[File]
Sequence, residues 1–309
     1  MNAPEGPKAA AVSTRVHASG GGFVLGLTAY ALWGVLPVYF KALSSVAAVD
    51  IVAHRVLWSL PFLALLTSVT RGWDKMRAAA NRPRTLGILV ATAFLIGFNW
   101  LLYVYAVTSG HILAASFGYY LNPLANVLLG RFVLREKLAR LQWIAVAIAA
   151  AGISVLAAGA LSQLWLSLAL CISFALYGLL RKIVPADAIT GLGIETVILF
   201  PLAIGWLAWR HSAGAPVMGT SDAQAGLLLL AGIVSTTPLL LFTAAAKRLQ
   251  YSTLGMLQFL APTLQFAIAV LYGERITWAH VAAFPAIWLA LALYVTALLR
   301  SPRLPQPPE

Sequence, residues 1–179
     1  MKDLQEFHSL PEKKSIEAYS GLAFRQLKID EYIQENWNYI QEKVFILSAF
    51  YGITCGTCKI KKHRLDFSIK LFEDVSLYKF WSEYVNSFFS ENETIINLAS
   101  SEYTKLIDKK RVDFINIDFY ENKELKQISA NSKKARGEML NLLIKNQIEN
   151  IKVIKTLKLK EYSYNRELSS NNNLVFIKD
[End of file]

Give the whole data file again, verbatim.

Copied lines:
Sequence, residues 1–309
     1  MNAPEGPKAA AVSTRVHASG GGFVLGLTAY ALWGVLPVYF KALSSVAAVD
    51  IVAHRVLWSL PFLALLTSVT RGWDKMRAAA NRPRTLGILV ATAFLIGFNW
   101  LLYVYAVTSG HILAASFGYY LNPLANVLLG RFVLREKLAR LQWIAVAIAA
   151  AGISVLAAGA LSQLWLSLAL CISFALYGLL RKIVPADAIT GLGIETVILF
   201  PLAIGWLAWR HSAGAPVMGT SDAQAGLLLL AGIVSTTPLL LFTAAAKRLQ
   251  YSTLGMLQFL APTLQFAIAV LYGERITWAH VAAFPAIWLA LALYVTALLR
   301  SPRLPQPPE

Sequence, residues 1–179
     1  MKDLQEFHSL PEKKSIEAYS GLAFRQLKID EYIQENWNYI QEKVFILSAF
    51  YGITCGTCKI KKHRLDFSIK LFEDVSLYKF WSEYVNSFFS ENETIINLAS
   101  SEYTKLIDKK RVDFINIDFY ENKELKQISA NSKKARGEML NLLIKNQIEN
   151  IKVIKTLKLK EYSYNRELSS NNNLVFIKD